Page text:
“It’s a part of Chinese culture to stick together – it’s very community oriented, the group benefit is more important than personal benefit. So we already have that connection when we come here. That’s why we help each other so much and share our experience, because this is very far away from our home.”
“It’s hard to tell how many of us Chinese students there are in Brussels because there are so many different schools here. And we can’t get the numbers from the international office because it involves personal information. Somewhere around 300, I think, but there is no way to be sure. The group is also really diverse – students come from all over China really. A lot of students, like myself, have just reached out to a professor here to do their PhD.”
“I live in a shared apartment now in Grand Sablon after having lived on the Triomflaan for two years. Most Chinese students choose to live as close as possible to campus because they don’t know their way around here yet and also because being on time is very valued in China.They wouldn’t want to be late to a meeting with a professor, for example, because that would be disrespectful. Here it is quite a normal thing to take the train to work everyday but in China taking the train means you are traveling a large distance. I sometimes tell new students here: “if you like Leuven, you can live there and study here, it’s only a twenty minute train ride away.” But taking a train to school is just a step too far for most.”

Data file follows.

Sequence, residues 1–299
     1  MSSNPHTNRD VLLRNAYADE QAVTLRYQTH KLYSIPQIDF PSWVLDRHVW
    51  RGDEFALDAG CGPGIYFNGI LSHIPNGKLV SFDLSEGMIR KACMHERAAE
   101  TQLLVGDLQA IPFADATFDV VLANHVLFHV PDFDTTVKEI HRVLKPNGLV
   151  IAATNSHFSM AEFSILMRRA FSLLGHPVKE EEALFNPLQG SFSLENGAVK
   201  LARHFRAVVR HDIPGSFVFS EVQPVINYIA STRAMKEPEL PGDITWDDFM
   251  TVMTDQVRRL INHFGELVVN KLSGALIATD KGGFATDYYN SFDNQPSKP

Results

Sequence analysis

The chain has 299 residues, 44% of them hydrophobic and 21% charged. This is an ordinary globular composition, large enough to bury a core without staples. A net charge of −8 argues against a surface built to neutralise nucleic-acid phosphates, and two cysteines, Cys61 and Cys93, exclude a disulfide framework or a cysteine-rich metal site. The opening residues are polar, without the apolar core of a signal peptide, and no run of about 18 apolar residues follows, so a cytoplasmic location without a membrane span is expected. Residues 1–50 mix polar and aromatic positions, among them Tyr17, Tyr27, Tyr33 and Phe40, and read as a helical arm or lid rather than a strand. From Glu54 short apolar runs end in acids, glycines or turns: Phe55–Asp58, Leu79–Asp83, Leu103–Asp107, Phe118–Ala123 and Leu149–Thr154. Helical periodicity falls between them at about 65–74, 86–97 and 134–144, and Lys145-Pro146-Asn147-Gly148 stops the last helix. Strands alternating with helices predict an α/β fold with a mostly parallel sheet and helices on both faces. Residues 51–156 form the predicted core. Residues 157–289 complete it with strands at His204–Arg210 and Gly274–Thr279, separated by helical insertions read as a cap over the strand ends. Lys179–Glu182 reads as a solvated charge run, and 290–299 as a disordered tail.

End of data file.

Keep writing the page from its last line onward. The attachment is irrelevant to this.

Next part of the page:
How has your experience been here and what are your plans afterwards?
“I like the social environment here – people at the university are very friendly. If I have an idea, any idea at all, we will organise a group meeting and discuss it so I feel very supported here. Because I got a scholarship from the Chinese scholarship council, I signed a contract for four years so when I’m done with my studies here I have to return to China. Probably because they financed my education they want me to use that diploma and find a job in China.”